Talent is a skill that someone has to do something really well, something that others like, something that has some degree of difficulty but is accomplished through effort and perseverance. Therefore, talent is created, not born.
Talented people may have more than one talent. Some people have the talent to play the piano. They take guitar lessons and become talented in playing the guitar. They take voice lessons, and suddenly they are skilled in playing the piano, the guitar and singing.
The possibilities are limitless for everyone who is drawn to music and puts in some effort in perfecting their musical craft.
Reasons to consider taking singing lessons
People get vocal training for many reasons. Some people who take singing lessons just want to get better for their own entertainment, or as an expression of worship. Others sing professionally or dream of singing professionally and want to improve their singing.
When you take voice lessons, your voice teacher will teach you how to sing and how to become a well-rounded musician, develop a so-called “musical ear” and sharpen your performance skills.
Things you'll learn when taking voice lessons:
- Learn to read music
- Find and sing a note precisely and adequately
- Find a note and learn not to waver from it
- Develop lung capacity, add power to your voice and learn to control the volume
- Control your breathing and hold out notes for an extended period
- Warm-up your voice and avoid vocal fatigue
- Adapt to changes in your voice
- Protect your vocal cords from strain and vocal nodules
- Learn what your voice’s ability and capacity
- Learn how to drastically increase your vocal range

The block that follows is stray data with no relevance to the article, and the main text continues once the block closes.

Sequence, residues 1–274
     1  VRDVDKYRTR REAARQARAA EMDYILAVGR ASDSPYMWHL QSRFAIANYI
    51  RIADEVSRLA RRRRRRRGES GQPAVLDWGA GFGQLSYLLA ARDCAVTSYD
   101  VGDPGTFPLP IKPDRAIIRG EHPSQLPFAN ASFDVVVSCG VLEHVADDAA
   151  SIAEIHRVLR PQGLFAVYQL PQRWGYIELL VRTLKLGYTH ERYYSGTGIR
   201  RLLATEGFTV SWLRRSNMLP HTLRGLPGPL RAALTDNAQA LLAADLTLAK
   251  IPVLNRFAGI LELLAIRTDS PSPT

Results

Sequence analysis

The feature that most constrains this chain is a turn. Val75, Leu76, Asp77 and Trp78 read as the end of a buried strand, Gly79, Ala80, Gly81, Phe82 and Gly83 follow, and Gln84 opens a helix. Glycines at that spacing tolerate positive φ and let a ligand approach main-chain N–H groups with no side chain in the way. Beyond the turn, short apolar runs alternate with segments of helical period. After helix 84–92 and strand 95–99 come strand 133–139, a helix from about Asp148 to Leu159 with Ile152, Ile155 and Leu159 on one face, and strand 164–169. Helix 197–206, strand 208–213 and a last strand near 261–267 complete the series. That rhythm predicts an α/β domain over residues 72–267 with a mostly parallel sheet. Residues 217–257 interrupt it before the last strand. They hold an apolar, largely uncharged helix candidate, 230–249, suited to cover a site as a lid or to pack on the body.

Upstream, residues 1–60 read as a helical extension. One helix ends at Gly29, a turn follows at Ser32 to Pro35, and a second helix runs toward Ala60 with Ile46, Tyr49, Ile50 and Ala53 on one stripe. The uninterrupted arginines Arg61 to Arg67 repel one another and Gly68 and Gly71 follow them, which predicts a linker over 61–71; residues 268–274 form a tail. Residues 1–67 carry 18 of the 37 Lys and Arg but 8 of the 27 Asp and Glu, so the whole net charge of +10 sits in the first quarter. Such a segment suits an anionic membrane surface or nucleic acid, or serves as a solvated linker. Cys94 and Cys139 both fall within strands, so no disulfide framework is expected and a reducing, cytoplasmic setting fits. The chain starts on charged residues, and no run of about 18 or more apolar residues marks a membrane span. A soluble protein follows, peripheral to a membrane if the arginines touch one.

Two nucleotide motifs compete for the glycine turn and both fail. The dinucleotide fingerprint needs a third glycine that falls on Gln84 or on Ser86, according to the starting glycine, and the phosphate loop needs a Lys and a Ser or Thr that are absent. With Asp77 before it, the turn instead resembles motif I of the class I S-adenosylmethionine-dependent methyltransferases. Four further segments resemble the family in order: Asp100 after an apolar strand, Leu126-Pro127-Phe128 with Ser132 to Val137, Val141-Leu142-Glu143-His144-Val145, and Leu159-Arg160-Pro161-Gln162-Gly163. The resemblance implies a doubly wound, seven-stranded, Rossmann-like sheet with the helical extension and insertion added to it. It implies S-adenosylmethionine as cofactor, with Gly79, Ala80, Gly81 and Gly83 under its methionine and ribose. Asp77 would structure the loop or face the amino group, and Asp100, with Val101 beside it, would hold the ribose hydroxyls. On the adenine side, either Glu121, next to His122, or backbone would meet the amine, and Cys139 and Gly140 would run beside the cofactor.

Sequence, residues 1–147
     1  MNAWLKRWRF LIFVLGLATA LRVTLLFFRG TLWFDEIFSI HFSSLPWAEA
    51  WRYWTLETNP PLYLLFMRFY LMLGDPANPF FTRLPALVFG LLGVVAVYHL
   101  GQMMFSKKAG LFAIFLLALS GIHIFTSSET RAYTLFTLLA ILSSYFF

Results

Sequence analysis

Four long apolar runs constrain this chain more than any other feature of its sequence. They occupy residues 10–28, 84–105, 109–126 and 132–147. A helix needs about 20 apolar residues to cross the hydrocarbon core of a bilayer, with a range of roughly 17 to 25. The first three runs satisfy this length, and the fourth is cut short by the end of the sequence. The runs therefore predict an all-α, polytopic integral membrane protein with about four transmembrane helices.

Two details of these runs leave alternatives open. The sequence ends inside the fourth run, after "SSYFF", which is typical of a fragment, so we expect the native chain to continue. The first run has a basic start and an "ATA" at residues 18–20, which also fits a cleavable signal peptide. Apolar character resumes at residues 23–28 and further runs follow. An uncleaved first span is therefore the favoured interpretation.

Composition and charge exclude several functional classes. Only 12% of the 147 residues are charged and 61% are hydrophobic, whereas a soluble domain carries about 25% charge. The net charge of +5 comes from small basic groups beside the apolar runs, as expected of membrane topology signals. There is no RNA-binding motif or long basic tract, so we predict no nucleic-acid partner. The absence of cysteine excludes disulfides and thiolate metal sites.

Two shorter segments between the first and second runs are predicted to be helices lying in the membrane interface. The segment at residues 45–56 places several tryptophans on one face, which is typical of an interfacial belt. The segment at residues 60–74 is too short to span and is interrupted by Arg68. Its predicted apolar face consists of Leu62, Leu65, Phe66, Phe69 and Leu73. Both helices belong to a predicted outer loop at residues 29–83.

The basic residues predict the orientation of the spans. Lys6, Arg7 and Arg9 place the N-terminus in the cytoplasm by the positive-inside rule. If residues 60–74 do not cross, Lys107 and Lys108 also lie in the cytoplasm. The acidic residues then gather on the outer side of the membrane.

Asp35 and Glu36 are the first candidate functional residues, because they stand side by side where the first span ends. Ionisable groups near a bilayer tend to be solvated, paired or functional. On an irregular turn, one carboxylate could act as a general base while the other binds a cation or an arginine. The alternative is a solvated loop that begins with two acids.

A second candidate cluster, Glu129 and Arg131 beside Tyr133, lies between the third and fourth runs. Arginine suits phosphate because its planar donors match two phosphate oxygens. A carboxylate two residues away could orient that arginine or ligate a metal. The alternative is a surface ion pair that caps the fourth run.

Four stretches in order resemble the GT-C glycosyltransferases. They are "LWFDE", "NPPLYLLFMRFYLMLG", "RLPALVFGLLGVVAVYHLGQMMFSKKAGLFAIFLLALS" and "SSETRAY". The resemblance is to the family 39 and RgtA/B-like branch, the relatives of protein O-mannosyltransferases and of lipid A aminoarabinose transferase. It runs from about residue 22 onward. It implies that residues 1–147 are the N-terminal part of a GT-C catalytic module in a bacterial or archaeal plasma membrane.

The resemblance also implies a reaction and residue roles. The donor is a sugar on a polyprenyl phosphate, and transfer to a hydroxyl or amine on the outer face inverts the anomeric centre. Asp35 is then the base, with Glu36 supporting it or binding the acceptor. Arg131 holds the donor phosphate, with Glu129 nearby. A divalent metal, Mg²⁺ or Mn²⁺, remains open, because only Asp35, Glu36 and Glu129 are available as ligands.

- Learn nuances of different songs and hone in your performance skills
- Learn to sing different music genres and styles
- Learn music theory, different scales, timing and harmonies
- Learn to overcome fear and sing confidently in front of others
What is pitch, note and tone in singing
Pitch, note, and tone, are terms sometimes used incorrectly in singing. They have a different meaning and a unique relationship in singing.
DID YOU KNOW?
- It makes more sense to say a person is “pitch-deaf” rather than “tone-deaf.”
- It also makes more sense to say that a singer is nervous about singing “high pitch.” Instead, you hear it being said, “high notes.”
- Pitch is a high and low frequency of a sound. You create pitch while singing because your vocal cords are vibrating. The faster the vocal cords vibrate, the higher the pitch.
- Notes are musical symbols showing the location of the pitch
- Tone is the colour (timbre) of the pitch, sometimes described as warm, rich, smooth, breathy, smoky, flat, dark, rough or strident.
Vocal range, register, type
According to Wikipedia, a vocal range is a range of pitches a human voice can phonate.
In singing, a vocal range is the span of the lowest to the highest note you can sing.
Vocal teachers may define the vocal range within “the span of musically useful pitches (notes) a singer can sing.”
Some singers can produce specific notes but cannot use those notes in certain types of singing scenarios. An example of this is opera singing versus singing with a microphone (opera singers must project over an orchestra using their best vocal range).
Our voice can be produced using different physiological processes within the throat. These voice productions are known as voice registers, and they include the whistle register, the falsetto register, the modal register and the vocal fry register.